Hawai’i Appleseed is currently investigating the link between the level of student poverty and public schools’ success rates in Hawaii. The percentage of low-income students at a given campus is one of the most significant indicators of both individual student success and of the school’s ability to educate its student body. This study is looking at ways that systemic poverty impacts the public education system in Hawaii and how the effects of poverty on learning can be mitigated.
Much of Appleseed’s work tangentially affects education outcomes in Hawaii. For example, Hawaii Appleseed is currently partnering with local schools to increase the number of eligible children who receive school breakfasts. Currently, only about 40% of Hawaii schoolchildren who are eligible to receive school breakfasts take advantage of this program – the fourth-lowest rate in the country. The positive outcomes of breakfast for children are incontrovertible, and this program will help Hawaii’s keiki improve their academics and make them more ready for school.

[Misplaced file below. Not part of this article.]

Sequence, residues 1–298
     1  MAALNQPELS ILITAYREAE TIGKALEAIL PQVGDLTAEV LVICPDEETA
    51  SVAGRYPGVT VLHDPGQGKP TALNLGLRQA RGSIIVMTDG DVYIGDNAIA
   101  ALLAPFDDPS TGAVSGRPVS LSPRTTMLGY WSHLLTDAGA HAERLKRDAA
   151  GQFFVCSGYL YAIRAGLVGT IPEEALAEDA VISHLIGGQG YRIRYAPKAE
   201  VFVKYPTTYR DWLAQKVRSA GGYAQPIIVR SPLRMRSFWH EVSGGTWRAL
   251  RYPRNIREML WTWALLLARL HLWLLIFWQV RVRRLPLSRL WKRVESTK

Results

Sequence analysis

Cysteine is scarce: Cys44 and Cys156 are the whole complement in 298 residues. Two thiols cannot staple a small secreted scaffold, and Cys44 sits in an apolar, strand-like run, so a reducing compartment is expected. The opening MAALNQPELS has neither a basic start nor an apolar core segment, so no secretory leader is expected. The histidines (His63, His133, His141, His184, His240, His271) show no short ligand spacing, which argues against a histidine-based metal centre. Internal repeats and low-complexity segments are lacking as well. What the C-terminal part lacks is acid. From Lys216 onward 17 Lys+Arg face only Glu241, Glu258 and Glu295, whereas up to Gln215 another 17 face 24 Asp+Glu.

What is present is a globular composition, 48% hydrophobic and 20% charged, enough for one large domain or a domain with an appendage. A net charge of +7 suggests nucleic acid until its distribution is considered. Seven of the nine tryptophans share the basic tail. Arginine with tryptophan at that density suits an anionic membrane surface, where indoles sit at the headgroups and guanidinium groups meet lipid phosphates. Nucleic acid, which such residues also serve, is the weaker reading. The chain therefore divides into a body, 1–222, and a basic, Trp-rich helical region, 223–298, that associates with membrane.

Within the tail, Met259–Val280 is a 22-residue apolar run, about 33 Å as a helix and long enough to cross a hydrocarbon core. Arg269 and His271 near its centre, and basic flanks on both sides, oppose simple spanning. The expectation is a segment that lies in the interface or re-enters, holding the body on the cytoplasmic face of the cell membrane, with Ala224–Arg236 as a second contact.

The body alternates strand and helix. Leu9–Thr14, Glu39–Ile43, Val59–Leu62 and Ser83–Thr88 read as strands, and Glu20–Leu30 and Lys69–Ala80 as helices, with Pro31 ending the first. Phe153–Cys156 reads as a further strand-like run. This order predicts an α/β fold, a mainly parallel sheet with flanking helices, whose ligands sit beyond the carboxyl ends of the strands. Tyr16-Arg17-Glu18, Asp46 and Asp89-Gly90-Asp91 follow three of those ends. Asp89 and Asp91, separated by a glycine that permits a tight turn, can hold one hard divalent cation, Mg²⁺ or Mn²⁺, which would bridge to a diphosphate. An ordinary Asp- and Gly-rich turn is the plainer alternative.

Hawaii Keiki Hungry For More Summer Meals July 6 2016
Too Many Hawaii Children Missing Meals During Summer June 22 2016
Not Enough Hawaii Students Start The Day Off Right March 10 2016
Hawaii Board of Education Passes Student Discipline Policy September 2 2015